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Doctoral Degrees (Cultural and Heritage Tourism)

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    Tourism disasters, crises and the risk-fear nexus: tourists perceptions of Durban as a tourism destination.
    (2019) Phoofolo, Taemane Augustinus.; Ndlovu, Joram.
    Tourism is an important economic sector in many countries worldwide. Many governments are placing a higher priority on tourism development because it leads to increased foreign exchange income and creates employment opportunities. However, the tourism sector is prone to both natural (floods, drought, diseases) and man-made (crime, unemployment, poverty, war, terrorism) disasters, crises and risks which invariably affect not only the tourists but the functionality, sustainability and competitiveness of a destination. The cumulative impact of disasters, crises and risks can result in the death of people, destruction of fauna and flora, displacement and suffering of people. Other effects include, the destruction of human settlements, physical infrastructure such as roads, railway lines and habitats of animals. The prevalence of disasters, crises and the risk can affect tourists’ travelling patterns and destination choices. Thus, rendering some places unsafe and unattractive. The aim of the study was to examine stakeholders’ perceptions regarding crises, risk responses and other factors that accentuate the vulnerability of tourists and destinations to a myriad of problems. The study sought to analyse the tourists’ perceptions on the relationship between tourism disasters and risk-fear nexus in Durban. The main objectives were to assess the potential disasters, crises and risks which tourists are exposed to while in Durban, the subsequent impacts of such disasters, and the possible disaster mitigation measures. In this study, the mobility, disaster, risk-perception theories and the model of international tourism decision-making process were used to interrogate the disaster-risk discourse. The study utilized a mixed method approach which enabled the researcher to unpack disasters, crises and risks ‘through the eyes’ of tourists and key informants in order to gain a thorough understanding of the dynamics concerned. Interviews were conducted with 399 tourists who visited Phezulu Cultural Village, Cabana Beach Resort and Botanical Gardens in Durban. The results were then analyzed SPSS. The results revealed that natural disasters such as floods, drought, and diseases pose a serious threat to the tourists and the tourism sector in the country. Consequently, that has an impact on the image and sustainability of the destination. The results show that man-made disasters, crises and risks like xenophobia, political instability, unemployment and poverty were the most prevalent. Therefore a concerted effort must be taken to prepare for crises and resort to recovery and reduction as some measures to mitigate them. Furthermore, the dynamic nature of disasters, crises and risks require a holistic approach which views the situation from “a wide sweep of contexts, from temporal and spatial, historical, political, economic, cultural, to social and personal. Finally, the study recommends engendering community resilience as a key measure in managing disaster. Further systematic research must be conducted to analyse the factors which increase the vulnerability of tourists to disasters, crises and risks, and to explore various ways of enhancing mitigation measures.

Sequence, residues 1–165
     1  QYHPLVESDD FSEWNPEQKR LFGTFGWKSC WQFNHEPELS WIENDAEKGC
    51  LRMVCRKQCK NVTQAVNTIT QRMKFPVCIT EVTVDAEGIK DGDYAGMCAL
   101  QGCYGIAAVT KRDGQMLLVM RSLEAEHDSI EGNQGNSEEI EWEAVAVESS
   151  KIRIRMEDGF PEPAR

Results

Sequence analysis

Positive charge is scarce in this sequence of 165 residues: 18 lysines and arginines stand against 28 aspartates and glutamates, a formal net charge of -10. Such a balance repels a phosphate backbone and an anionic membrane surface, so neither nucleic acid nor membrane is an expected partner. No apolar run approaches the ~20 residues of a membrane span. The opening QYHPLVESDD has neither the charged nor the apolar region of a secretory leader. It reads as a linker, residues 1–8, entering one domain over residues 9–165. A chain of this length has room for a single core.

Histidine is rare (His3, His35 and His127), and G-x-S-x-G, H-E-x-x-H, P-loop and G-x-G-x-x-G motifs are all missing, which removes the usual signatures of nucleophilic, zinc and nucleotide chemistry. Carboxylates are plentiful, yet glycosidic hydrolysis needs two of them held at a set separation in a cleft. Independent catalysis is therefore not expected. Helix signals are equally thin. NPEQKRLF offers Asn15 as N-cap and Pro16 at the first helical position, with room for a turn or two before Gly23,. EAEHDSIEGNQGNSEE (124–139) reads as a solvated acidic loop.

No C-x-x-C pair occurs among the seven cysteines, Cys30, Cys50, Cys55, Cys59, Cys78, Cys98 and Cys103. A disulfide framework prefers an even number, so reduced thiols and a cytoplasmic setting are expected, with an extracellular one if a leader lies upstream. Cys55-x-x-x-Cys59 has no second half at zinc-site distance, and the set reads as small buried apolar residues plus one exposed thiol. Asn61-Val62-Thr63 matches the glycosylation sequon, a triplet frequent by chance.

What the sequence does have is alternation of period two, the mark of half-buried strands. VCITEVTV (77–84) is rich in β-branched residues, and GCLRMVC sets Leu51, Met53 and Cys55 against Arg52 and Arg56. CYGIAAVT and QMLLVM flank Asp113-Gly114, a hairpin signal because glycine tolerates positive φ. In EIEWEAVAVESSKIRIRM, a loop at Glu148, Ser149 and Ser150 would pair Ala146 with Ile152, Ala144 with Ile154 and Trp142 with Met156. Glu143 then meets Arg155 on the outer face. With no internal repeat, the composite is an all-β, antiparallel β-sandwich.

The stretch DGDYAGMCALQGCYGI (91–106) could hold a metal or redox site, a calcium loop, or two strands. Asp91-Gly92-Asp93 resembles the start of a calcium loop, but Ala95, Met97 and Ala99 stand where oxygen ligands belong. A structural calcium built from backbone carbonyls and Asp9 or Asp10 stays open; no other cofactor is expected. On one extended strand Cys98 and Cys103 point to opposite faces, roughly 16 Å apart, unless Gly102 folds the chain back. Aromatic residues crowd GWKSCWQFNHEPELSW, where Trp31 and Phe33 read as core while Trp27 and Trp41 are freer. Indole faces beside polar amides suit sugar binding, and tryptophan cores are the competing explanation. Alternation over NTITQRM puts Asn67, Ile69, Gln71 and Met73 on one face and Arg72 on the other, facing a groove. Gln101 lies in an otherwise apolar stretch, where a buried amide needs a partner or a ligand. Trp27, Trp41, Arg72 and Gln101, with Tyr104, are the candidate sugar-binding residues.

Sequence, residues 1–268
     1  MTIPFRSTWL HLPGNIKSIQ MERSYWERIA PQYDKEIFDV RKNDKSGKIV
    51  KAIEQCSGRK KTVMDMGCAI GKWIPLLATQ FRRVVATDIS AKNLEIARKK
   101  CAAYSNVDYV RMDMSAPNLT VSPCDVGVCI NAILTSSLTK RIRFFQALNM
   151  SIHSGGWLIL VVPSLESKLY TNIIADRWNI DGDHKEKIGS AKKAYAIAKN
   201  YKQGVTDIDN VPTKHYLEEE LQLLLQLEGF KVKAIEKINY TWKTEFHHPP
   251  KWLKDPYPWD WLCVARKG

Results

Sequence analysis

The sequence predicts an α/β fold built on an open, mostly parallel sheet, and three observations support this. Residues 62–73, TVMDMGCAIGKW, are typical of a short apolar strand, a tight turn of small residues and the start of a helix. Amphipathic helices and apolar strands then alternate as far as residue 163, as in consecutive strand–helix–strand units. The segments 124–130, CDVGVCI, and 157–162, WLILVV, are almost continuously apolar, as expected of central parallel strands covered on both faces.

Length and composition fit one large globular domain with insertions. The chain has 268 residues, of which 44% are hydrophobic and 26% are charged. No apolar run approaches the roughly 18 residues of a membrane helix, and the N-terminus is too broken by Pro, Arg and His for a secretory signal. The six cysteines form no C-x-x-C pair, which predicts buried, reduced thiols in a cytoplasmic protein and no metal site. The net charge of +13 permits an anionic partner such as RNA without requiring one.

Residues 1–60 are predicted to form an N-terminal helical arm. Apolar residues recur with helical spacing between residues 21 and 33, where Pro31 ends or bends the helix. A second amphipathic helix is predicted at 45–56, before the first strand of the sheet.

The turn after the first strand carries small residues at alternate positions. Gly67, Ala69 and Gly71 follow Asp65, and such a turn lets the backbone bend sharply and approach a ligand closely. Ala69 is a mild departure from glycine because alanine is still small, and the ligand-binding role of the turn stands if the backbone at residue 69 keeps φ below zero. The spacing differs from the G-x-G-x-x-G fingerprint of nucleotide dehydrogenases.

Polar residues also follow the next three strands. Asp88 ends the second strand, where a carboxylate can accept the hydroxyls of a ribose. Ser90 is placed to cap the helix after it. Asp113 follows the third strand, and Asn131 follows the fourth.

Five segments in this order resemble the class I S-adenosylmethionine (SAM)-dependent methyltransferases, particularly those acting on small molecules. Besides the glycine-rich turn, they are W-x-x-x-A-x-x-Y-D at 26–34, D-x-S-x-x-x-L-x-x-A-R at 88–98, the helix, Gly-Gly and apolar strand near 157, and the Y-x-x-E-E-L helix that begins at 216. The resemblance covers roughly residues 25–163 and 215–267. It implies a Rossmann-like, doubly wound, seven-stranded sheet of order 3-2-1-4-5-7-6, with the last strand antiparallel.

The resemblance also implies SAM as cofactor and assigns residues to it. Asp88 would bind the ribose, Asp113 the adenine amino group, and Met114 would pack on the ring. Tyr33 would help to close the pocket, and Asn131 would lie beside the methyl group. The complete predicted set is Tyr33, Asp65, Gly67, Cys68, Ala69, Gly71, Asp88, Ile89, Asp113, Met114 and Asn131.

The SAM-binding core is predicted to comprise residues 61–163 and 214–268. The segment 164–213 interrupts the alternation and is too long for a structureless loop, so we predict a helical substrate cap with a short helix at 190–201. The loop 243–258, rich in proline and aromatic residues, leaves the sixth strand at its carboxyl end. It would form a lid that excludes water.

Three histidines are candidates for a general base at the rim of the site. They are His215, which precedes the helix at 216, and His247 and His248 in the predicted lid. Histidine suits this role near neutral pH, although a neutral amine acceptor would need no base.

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    The Osun Osogbo festival in Nigeria: an investigation of Nigerian migrants in South Africa as homebound tourists and festival participants.
    (2021) Umejei, Aboshioke Lillian.; Marschall, Sabine.; Cele, Nokuthula Peace.